Butterfly Chair Anniversary Edition

Designed by Antonio Bonet, Juan Kurchan & Jorge Ferrari-Hardoy, 1938

For its 80th anniversary Knoll pays tribute to design originality, creating a special edition of the Butterfly chair. The year 1938 was a very fertile one for design history: among many developments, the Knoll company was founded, and a very special chair was designed, which Hans Knoll decided to include in the firm’s catalogue from 1947 to 1951, meeting with remarkable success.

Butterfly Chair Anniversary Edition
  • Butterfly Chair Anniversary Edition
  • Butterfly Chair Anniversary Edition
  • Butterfly Chair Anniversary Edition
  • Butterfly Chair Anniversary Edition
  • Butterfly Chair Anniversary Edition



Thanks to the technological prowess and fine craftsmanship of Knoll – indispensable allies to achieve products of the highest quality – today’s Butterfly has sinuous, dynamic lines, which are also made possible by the quality of the materials involved: the structure is in chromium-plated or coated steel, in white or black, while the seat is made with thermoformed felt. This element, in particular, represents the true innovation of the project, because thanks to its workmanship it becomes a self-supporting structure with the dual role of seat and covering. Furthermore, the laser shaping of the fabric, without added stitching, permits the direct interlock of the seat and the steel framework, ensuring comfort and elegance.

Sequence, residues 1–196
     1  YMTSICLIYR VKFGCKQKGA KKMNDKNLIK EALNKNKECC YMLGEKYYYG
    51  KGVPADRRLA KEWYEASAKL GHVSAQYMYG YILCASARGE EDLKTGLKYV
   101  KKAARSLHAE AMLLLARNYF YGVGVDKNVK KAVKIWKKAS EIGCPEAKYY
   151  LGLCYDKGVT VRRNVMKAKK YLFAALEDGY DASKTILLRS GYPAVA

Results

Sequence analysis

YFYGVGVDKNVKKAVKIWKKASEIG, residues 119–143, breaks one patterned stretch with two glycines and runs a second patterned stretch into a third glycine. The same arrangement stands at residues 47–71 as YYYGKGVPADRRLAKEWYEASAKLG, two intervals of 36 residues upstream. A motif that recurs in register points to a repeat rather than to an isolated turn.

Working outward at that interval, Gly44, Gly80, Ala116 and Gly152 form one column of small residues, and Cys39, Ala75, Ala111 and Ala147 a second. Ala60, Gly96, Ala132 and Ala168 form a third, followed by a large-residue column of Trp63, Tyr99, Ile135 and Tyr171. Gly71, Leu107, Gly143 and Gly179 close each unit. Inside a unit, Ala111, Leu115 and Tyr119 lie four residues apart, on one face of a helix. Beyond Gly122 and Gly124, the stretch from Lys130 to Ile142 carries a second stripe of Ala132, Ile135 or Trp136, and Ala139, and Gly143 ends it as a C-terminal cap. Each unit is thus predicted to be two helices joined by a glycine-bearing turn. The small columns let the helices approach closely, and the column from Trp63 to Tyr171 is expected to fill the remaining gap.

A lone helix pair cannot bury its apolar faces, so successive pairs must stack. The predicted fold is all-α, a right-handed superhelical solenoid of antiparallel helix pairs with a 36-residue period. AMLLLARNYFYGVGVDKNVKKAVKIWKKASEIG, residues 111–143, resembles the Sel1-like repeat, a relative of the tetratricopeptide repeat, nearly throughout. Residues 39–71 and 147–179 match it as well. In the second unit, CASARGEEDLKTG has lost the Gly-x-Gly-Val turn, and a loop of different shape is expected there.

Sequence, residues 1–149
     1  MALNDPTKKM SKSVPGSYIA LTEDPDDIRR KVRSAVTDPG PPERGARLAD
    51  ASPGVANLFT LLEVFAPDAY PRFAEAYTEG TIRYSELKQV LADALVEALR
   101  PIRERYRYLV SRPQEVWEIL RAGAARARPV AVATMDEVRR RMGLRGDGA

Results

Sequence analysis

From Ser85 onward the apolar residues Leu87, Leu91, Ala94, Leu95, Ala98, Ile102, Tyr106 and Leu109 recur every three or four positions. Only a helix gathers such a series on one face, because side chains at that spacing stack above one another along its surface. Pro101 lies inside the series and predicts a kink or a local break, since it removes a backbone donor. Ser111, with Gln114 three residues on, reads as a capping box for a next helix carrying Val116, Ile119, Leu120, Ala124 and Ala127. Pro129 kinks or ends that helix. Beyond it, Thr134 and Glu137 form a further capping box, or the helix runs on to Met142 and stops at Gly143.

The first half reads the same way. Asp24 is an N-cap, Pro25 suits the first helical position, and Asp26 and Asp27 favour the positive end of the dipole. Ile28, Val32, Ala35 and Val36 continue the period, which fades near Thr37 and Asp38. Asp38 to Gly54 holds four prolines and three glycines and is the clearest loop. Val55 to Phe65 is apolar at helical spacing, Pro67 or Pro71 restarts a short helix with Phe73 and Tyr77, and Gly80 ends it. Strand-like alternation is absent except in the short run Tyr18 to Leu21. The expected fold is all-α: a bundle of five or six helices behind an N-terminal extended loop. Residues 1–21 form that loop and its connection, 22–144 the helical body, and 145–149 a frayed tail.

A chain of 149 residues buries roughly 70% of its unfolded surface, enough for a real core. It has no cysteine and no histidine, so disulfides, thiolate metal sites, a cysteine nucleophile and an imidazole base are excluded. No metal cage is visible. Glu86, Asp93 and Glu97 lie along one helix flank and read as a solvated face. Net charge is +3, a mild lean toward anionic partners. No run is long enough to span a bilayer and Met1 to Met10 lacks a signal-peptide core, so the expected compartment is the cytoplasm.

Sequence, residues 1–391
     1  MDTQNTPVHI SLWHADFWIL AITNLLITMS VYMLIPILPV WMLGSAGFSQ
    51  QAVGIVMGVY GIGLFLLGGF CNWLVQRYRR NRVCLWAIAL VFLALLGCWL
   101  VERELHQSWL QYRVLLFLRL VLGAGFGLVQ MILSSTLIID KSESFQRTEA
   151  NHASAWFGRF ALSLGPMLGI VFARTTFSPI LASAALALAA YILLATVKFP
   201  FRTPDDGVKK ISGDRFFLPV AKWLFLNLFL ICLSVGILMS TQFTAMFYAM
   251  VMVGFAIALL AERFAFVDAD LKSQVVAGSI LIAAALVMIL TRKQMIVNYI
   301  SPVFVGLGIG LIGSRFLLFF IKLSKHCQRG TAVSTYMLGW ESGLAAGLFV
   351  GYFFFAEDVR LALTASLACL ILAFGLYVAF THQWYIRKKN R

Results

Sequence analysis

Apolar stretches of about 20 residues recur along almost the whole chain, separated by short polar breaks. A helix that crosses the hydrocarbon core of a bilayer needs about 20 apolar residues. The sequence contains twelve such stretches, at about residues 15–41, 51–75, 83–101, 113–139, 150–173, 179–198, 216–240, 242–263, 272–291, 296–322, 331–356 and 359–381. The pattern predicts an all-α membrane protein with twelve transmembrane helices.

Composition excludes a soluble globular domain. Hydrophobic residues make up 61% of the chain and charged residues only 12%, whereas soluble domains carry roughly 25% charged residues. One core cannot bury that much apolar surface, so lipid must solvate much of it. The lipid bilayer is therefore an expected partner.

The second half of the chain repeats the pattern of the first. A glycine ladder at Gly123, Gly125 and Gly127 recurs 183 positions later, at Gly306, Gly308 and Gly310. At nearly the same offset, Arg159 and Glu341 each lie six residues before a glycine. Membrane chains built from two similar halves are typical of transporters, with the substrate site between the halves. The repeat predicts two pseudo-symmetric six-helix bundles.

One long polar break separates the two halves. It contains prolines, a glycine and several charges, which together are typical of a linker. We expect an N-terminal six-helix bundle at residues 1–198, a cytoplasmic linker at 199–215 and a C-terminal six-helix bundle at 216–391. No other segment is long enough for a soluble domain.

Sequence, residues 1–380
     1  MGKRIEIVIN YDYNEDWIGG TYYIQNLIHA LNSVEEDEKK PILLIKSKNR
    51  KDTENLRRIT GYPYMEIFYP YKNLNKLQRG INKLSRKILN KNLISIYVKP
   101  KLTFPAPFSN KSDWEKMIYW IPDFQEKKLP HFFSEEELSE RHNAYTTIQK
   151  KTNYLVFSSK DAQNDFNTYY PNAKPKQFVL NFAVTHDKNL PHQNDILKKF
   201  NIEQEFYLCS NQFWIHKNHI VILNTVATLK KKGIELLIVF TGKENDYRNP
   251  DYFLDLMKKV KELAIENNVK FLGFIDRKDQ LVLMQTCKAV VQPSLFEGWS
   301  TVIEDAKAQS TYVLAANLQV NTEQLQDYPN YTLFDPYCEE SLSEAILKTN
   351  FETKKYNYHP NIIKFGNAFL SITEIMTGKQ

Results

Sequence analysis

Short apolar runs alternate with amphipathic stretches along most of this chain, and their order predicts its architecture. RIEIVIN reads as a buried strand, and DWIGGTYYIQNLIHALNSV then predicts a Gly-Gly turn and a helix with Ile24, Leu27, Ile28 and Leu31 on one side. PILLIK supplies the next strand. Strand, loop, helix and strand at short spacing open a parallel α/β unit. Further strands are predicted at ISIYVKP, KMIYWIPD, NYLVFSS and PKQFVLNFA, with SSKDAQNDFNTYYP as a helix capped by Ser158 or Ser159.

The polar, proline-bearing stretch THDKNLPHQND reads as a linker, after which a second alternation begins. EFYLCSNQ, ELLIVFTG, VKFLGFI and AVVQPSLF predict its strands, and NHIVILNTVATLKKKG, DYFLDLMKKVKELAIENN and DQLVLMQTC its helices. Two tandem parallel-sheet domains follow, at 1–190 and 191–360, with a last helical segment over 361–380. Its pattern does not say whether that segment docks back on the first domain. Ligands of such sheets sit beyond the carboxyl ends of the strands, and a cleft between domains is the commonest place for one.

Chrome, Black and white base.



Felt is available in different colours.


Butterfly Chair Anniversary Edition

Chair dimensions are 82cm W x 76cm D x 32/90cm H

Related Products

Product Story image

A tribute to the original design of Knoll: the 80th anniversary edition of the Butterfly chair.

The year 1938 was a prolific one in the history of design, marked among many other things, by the founding of Knoll and the creation of a special chair. This chair was later chosen by Hans Knoll to feature in the company’s catalogue from 1947 to 1951, where it garnered immense success. Thanks in part to Knoll’s foresight, the piece went on to become a true icon in the history of design and is best known as the Butterfly.

The Butterfly project spans the eras as only an evergreen can. From its inception, its story has been one of transformation, adaptability and evolution - characteristics intrinsic to our time. Precisely for this reason, it symbolises the everlasting modernity of which Knoll has been a spokesman for about for 80 years.

Yet to fully understand its importance, we need to take a step backwards.